Colin Sieders of Australia looks on after competing in the European canoe sprint Paralympic qualifying event in Duisburg, Germany, in May.
Colin Sieders of Australia looks on after competing in the European canoe sprint Paralympic qualifying event in Duisburg, Germany, in May. Dean Mouhtaropoulos

Colin Sieders: Blood, sweat and gears

COLIN Sieders has become accustomed to etching his name into the history books.

The first time occurred in the most tragic of circumstances on a cold winter's day in July 1997.

Sieders was just 15 when he was involved in a car accident while travelling near Blackheath in the Blue Mountains.

He was a passenger in the back seat when the vehicle skidded, spinning out of control on black ice before slamming into a pole.

The driver, his friend's mother, was killed instantly.

Sieders was lucky to survive after being trapped in the wreckage for more than two hours, doctors from the CareFlight aero-medical service managing to keep him alive with an on-the-scene blood transfusion.

"I set the world record for the most blood used at an accident," the 34-year-old recalls to Australian Regional Media, referring to the 15 units pumped into him, as well as 8.5 litres of saline fluid.

As a result, attending doctor Rob Bartolacci and CareFlight medical director Alan Garner wrote a report printed in the Medical Journal of Australia.

"After that they increased the amount of blood they carry on choppers and ambulances," Sieders says.

Sieders would spend 88 days in intensive care, during which time his family endured a hell of their own as he battled for his life.

"Mum and dad were told a lot of different things," Sieders explains.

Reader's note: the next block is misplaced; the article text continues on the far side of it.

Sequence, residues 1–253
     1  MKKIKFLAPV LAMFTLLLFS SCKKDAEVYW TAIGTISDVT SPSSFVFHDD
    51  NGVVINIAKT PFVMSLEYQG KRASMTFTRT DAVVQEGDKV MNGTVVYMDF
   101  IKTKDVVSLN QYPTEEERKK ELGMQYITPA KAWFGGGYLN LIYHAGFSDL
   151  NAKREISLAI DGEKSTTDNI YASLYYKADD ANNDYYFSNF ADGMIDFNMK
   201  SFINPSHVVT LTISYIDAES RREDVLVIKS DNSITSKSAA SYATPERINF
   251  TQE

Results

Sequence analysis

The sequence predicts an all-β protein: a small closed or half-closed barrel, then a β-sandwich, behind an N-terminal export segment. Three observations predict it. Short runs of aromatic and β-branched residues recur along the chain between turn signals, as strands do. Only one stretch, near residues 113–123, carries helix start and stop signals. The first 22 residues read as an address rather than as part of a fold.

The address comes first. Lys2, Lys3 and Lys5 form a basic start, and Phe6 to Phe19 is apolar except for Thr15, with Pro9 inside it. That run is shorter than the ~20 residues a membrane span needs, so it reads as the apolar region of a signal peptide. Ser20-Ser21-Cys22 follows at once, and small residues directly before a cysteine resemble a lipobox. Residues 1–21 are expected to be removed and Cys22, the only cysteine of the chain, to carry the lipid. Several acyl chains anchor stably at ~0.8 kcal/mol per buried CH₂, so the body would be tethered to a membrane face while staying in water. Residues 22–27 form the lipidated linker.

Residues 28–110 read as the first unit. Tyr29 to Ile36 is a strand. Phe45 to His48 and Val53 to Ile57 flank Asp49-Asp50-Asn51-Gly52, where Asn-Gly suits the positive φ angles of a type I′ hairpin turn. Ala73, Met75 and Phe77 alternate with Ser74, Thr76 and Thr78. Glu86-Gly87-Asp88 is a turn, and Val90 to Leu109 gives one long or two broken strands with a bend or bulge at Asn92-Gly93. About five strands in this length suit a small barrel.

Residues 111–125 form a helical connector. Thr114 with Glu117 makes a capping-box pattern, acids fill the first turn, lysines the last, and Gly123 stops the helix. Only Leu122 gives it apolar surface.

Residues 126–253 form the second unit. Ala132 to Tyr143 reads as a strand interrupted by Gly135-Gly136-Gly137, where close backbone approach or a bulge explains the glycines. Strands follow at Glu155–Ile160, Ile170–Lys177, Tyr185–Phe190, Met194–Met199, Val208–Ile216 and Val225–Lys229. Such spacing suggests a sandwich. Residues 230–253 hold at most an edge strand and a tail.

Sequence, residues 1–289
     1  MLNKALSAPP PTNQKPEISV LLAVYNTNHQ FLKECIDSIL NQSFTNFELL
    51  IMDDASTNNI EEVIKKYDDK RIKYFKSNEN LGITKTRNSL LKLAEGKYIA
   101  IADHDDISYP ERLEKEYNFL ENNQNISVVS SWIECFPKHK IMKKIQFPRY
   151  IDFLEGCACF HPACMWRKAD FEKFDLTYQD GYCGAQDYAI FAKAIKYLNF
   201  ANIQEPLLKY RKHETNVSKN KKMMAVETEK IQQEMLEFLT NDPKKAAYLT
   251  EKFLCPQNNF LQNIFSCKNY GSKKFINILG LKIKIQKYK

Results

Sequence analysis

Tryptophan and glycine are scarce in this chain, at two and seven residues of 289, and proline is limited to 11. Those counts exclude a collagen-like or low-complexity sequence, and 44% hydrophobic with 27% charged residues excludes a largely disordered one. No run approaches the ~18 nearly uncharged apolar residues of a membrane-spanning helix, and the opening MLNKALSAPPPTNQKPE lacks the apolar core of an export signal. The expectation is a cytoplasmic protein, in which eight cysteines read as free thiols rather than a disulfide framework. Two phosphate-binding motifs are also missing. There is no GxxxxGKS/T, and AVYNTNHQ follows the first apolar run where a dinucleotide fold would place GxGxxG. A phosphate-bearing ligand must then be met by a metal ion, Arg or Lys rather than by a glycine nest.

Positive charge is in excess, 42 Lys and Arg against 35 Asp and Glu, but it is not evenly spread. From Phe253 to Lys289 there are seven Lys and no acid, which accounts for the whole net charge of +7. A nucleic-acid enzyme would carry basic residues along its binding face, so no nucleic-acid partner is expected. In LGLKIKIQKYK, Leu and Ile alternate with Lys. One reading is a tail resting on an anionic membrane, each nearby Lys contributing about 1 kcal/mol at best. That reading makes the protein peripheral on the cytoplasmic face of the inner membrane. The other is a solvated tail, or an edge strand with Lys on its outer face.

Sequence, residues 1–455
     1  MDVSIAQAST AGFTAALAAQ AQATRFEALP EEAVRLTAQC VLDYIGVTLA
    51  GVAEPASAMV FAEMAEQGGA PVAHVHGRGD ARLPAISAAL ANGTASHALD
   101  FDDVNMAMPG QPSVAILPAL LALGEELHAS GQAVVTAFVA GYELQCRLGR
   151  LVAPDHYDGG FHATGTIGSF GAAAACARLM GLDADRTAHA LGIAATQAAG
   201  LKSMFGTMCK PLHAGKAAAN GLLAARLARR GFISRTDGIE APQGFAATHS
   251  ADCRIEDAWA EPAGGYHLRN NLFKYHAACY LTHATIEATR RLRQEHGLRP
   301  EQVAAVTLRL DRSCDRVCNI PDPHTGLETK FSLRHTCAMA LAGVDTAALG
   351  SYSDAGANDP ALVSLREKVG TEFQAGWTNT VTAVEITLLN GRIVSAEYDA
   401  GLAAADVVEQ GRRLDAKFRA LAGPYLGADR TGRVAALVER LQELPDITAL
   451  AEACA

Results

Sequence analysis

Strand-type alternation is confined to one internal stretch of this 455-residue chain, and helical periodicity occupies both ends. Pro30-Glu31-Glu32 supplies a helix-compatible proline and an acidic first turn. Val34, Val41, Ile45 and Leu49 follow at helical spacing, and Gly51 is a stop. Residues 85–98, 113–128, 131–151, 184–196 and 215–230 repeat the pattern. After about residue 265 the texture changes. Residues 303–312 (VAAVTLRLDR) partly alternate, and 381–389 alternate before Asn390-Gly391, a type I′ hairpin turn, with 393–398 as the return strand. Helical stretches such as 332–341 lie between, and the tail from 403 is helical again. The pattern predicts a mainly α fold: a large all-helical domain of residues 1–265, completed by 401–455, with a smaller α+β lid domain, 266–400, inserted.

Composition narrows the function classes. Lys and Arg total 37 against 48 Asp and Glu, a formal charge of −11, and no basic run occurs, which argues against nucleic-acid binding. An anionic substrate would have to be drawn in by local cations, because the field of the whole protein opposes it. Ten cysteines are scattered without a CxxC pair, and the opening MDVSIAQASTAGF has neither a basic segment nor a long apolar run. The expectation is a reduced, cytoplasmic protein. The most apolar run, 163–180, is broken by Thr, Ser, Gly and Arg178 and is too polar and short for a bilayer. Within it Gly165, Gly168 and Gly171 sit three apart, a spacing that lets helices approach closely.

"It started with 'he's in a bad way, don't expect him to make it'.

"Then 'he's most likely going to be a vegetable as he's lost so much blood it has probably caused some brain damage'.

"Then, down the track, it was 'he won't be able to walk - he's had so much damage to his pelvis it's paralysed his left leg and his right leg isn't in great shape', as I had muscles removed that got infected.

"But I proved them all wrong."

 

DR ROB BARTOLACCI AND COLIN SIEDERS
DR ROB BARTOLACCI AND COLIN SIEDERS

Doctors hadn't counted on his incredible determination that came to the fore when he finally regained consciousness, being released after 51 weeks in hospital and eventually beginning intensive rehabilitation that lasted three years.

"Learning to stand was tough. They had a special table that they strapped me to and each day they would tilt it up more and more until I was able to take the load through my joints.

"But there were some great moments. A couple of years after I left hospital my grandfather, unfortunately, had a stroke and we ended up doing rehab together. We used to have races to see who could walk the fastest."

That competitive nature was never too far away, and it would lead to his next history-making feat - a far more enjoyable one.

From a racing car family that owns Sieders Racing Team, he became the first permanently disabled driver to race in the Aussie Racing Car Super Series and the V8 Supercar Development Series. Having lost most of the strength in his left leg, Sieders drove with a hand clutch.

"It was a dream come true," he says.